The addition of CHX digluconate in the acidic conditioner may be an excellent tool to increase the stability of collagen fibrils within the hybrid layer against host-derived metaloproteinases without the need for additional steps for the bonding protocol.
The current study evaluated the effect of 2% chlorhexidine digluconate (CHX) on the immediate and six-month resin-dentin bond strength (BS) and nanoleakage pattern (NL) of etch-and-rinse adhesives when applied in aqueous or associated to the phosphoric acid conditioner. The occlusal enamel of 42 caries-free extracted molars was removed in order to expose a flat dentin surface. In groups 1 and 2 (control–C), the surfaces were acid etched with conventional phosphoric acid, and the adhesives Prime&Bond NT (PB) and Adper Single Bond 2 (SB) were applied after rinsing, drying and rewetting with water. In groups 3 and 4 (Ac/CHX), the adhesives were applied in a similar manner, however, a 2% CHX-containing acid was previously applied. In groups 5 and 6 (CHX), the adhesives were applied according to the control group; however, the rewetting procedure was performed with an aqueous solution of 2% CHX for 60 seconds. Composite buildups (Opallis, FGM) were constructed incrementally, and the specimens were longitudinally sectioned in the “x” and “y” directions to obtain bonded sticks (0.8 mm2) to be tested in tension at 0.5 mm/minute immediately or after six months of water storage. For NL, two bonded sticks from each tooth were coated with nail varnish, placed in silver nitrate and polished down with SiC paper. Resin-dentin interfaces were analyzed by EDX-SEM. The BS and NL data from each adhesive was submitted to two-way repeated measures ANOVA and Tukey's test (α=0.05). After six months of water storage, significant reductions in BS were observed for both adhesives in the control group (p<0.05). When Ac/CHX or CHX was used, no significant reductions in BS were observed for both systems. Nanoleakage was more evident in the control group than in the experimental groups (p<0.05), even after six months. The use of CHX in an aqueous solution or associated with the acid conditioner was effective for reducing degradation of resin-dentin bonds after six months of water storage.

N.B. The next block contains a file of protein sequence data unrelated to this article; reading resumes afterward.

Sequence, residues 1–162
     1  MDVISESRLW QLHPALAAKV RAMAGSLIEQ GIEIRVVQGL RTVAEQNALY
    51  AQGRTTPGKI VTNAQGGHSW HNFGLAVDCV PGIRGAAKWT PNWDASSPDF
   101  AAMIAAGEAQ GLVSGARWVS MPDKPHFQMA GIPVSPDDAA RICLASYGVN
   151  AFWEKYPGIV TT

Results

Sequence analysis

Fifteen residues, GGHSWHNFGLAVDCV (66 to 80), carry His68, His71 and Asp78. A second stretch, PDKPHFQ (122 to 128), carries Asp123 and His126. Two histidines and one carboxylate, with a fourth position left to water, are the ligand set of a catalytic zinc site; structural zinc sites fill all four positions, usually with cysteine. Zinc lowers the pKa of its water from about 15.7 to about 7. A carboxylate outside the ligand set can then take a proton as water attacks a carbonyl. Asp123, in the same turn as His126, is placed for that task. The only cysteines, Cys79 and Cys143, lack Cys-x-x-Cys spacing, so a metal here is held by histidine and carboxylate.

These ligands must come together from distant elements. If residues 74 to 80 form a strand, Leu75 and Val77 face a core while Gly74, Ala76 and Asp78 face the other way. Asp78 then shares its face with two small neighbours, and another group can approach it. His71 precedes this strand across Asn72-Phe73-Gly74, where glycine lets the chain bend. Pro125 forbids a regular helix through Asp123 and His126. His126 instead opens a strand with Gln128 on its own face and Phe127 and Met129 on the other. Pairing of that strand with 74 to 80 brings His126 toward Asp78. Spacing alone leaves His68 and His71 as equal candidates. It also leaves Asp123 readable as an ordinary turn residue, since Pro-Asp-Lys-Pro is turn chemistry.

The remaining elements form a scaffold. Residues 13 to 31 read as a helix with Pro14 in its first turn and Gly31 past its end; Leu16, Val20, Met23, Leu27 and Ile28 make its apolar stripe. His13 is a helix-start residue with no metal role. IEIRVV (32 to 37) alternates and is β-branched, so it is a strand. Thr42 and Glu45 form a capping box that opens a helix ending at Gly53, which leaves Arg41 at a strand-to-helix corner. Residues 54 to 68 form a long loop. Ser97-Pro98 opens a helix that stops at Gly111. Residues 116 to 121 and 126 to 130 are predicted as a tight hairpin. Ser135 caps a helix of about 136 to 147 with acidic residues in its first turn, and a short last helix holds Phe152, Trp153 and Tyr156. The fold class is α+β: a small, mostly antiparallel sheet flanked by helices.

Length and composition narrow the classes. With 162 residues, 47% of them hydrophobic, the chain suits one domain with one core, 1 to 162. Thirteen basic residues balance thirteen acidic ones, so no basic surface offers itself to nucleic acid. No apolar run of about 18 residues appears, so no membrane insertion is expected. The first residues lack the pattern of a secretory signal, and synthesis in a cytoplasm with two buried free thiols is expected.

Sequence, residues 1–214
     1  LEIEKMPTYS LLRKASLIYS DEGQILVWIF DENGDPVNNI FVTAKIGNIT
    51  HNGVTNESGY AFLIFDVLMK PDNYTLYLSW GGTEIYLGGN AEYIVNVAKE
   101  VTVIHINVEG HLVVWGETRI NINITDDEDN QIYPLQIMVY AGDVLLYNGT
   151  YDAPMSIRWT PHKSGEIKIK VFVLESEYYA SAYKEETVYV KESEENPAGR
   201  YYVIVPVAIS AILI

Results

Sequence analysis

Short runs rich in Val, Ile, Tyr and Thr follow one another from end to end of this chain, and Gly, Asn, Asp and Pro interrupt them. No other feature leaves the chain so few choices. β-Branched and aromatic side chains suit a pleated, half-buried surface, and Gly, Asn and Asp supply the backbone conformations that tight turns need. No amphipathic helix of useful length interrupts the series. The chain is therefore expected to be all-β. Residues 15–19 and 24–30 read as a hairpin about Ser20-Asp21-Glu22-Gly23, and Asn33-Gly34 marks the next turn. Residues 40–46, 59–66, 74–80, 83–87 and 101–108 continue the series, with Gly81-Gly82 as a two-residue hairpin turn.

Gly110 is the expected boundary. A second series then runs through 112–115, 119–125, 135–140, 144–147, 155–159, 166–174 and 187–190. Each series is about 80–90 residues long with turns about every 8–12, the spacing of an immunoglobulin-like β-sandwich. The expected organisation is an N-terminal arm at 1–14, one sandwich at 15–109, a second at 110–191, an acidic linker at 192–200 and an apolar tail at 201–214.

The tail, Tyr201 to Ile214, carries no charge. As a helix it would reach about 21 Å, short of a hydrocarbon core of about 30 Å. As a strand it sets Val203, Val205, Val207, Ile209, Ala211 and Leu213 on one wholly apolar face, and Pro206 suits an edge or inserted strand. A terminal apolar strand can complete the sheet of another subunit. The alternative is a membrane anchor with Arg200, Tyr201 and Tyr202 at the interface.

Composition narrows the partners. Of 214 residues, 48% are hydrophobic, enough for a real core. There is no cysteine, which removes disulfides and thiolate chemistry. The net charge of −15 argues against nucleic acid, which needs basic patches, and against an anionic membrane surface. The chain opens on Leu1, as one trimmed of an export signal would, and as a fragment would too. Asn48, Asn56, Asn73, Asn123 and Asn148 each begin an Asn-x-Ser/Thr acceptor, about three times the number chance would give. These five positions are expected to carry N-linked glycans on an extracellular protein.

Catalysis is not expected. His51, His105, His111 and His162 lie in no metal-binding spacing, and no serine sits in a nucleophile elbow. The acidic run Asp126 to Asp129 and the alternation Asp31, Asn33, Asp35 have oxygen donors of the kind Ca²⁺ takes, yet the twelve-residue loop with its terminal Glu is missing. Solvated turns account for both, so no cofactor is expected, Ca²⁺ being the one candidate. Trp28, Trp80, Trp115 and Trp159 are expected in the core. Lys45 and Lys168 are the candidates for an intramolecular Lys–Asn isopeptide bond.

There is a general consensus that resin-dentin bonds created by contemporary hydrophilic dentin adhesives deteriorate over time.1–2 The premature loss of bond strength is one of the problems that still affects adhesive restorations3 and markedly reduces their durability.4–5 The loss of bond strength has primarily been attributed to degradation of the hybrid layer at the dentin-adhesive interface.6–8
For etch-and-rinse simplified adhesives, a decreasing gradient of resin monomer diffusion within acid-etched dentin6 results in incompletely infiltrated zones along the bottom of hybrid layers that contain denuded collagen fibrils.7 These zones are micromorphologically seen as different modes of nanoleakage within the hybrid layers;8 they are sites that are susceptible to degradation.9–10 It has been speculated that this decreasing gradient of resin monomer diffusion within acid-etched dentin and the resin elution from hydrolytically unstable polymeric hydrogels within the hybrid layers10 leave collagen fibrils unprotected and also vulnerable to degradation by endogenous metaloproteinases (MMPs) in a way that is similar to what occurs in caries progression11–13 and periodontal disease.14